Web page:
Unos llegan y algunos nos vamos (dejando mucho aprendido y habiendo cometido muchos errores -y algunos aciertos- en su uso). Eso no obsta para no tener en cuenta la gran potencialidad que presentan este tipo de LMS y la gran facilidad de uso para los profanos en mecanismos para la estructuración y distribución de contenidos educativos. Muchos cursos habilitados, muchas Administraciones compartiendo esos cursos encapsulados. En definitiva, muchos docentes que han encontrado el maná en una aplicación que les permite gestionar sus contenidos.

vía El modelo caduco del uso de Moodle para el aprendizaje | XarxaTIC.

Reflections on Instructional Design: 4 Fundamental Ways to Engage Students in an Online Course

 

Four ways to engage online students, 4 fundamental forms of online interaction

In my experience as over the last several years, an important part of providing a quality learning experience is engaging students- having them actively interact in meaningful learning experiences. This is particularly important in online courses where students may tend to feel isolated or removed from others. In this post I describe what I call the the 4 fundamental ways to engage students in an online course.

Four Fundamental Ways to Engage Online Students.

There are 4 basic ways to engage students in an online course:

Have students engage in doing real world tasks and solving real-world problems. This provides concrete, meaningful experience for the students and is much more intrinsically motivating to the students than learning content that doesn’t seem relevant to them. It means having students do relevant things that they will likely do in their careers or in their lives.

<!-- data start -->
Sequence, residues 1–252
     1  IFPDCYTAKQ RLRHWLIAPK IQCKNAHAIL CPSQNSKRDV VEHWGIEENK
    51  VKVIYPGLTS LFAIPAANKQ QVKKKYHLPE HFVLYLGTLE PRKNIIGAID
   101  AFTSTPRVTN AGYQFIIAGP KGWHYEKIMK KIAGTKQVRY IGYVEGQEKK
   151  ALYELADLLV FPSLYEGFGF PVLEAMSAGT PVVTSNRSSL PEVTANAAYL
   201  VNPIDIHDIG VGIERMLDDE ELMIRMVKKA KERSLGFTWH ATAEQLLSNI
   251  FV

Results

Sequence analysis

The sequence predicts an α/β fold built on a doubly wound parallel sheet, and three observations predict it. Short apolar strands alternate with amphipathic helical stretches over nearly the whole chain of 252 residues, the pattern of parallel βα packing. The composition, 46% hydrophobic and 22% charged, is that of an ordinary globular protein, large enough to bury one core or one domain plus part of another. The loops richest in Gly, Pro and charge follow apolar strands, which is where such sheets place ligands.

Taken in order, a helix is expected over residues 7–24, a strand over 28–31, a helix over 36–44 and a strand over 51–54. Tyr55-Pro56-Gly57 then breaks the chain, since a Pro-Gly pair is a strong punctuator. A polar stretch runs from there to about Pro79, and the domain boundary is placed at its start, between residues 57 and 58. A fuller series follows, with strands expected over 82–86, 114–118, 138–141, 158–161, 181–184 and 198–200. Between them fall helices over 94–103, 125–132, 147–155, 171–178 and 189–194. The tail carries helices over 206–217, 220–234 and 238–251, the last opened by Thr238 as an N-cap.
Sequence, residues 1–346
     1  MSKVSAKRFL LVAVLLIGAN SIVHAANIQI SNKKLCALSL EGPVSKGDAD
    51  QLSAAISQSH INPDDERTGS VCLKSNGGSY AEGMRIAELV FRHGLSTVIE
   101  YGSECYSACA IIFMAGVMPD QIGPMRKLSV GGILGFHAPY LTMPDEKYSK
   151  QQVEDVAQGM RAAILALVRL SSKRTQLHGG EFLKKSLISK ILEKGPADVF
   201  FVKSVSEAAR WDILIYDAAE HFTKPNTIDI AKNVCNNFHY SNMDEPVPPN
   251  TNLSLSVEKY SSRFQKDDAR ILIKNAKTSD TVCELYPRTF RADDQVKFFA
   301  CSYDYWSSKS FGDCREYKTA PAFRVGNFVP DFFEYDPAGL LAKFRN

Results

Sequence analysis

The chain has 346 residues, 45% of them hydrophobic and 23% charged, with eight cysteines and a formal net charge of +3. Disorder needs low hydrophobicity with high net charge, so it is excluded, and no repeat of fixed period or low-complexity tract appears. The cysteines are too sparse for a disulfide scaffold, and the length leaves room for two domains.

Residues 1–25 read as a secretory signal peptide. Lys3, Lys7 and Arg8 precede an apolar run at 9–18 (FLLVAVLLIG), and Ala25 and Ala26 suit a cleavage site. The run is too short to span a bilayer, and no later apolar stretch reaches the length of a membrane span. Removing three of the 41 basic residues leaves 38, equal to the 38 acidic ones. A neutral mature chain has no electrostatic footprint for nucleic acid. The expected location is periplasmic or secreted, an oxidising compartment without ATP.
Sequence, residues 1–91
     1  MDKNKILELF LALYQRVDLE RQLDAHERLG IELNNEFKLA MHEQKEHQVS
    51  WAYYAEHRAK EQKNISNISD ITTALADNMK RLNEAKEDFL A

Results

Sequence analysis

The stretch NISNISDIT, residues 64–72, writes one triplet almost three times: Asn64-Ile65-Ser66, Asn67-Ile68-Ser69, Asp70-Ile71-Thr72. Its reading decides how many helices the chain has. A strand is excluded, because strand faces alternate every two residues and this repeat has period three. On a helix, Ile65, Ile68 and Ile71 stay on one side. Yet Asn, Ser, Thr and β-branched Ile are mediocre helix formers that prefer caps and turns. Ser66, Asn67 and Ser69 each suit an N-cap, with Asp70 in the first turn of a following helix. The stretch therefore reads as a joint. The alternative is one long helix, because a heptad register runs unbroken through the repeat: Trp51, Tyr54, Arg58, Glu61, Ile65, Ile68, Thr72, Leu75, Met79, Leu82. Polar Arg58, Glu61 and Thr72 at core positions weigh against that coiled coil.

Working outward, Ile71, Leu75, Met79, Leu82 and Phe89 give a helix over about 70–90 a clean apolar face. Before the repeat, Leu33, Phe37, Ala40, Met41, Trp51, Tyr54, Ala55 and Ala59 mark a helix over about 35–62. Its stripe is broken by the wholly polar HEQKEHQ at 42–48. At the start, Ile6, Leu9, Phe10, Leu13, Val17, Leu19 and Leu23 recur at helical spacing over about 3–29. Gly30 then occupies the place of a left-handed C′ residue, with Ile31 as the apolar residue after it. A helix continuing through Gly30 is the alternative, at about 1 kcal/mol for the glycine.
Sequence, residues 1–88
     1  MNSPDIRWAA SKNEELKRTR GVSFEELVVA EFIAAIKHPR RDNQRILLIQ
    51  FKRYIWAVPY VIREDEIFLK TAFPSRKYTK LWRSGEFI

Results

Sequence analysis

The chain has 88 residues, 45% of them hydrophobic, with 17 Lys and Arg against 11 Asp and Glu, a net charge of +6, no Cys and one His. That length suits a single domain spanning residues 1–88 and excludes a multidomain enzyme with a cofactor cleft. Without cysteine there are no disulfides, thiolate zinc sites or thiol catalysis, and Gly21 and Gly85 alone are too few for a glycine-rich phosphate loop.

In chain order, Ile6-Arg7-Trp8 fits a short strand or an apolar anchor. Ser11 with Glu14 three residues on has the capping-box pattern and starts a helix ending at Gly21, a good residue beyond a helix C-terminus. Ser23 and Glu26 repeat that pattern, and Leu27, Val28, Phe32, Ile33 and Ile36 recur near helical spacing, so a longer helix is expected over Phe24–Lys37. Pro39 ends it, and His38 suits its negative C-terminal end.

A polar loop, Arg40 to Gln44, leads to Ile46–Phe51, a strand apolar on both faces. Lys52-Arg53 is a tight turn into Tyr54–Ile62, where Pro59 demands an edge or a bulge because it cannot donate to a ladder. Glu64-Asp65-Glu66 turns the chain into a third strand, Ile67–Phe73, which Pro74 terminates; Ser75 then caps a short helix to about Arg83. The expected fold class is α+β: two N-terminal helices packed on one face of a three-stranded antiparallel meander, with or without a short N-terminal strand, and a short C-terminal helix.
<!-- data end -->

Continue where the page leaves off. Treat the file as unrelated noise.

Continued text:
Engage students with the content in meaningful ways. this means having students use course content to solve problems or perform real-world tasks. It means providing students with well-designed multimedia. It means providing students with enough content that they can learn it and use it, but not so much content that they are overwhelmed.

Engage students with their peers. Students should interact with peers in the context of solving real-world problems. Students should present ideas, critique, give feedback, and collaborate together. This interaction builds a sense of community and there is a great deal of peer-to-peer teaching that can take place.

Engage students with the instructor. Students need guidance, support and feedback in the learning process. As one of my students wrote, instructors should “lead us through the fog.” The teacher should make themselves available and provide feedback and guidance quickly so that students can progress in their learning.

As I have taught online courses at several universities, I have found that students continually ask for and appreciate these kinds of interaction. And when I design my course to include these kinds of interaction, students seem more satisfied with and excited about the online experience. Students seem to thrive and enjoy with successful, effective, satisfying learning experiences.

What do you think? Are these really the 4 fundamental ways to engage students in an online course? What else would you add? What are your experiences with engagement as a teacher or a student in online courses?

Posted by joel gardner at 5:30 PM

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vía Reflections on Instructional Design: 4 Fundamental Ways to Engage Students in an Online Course.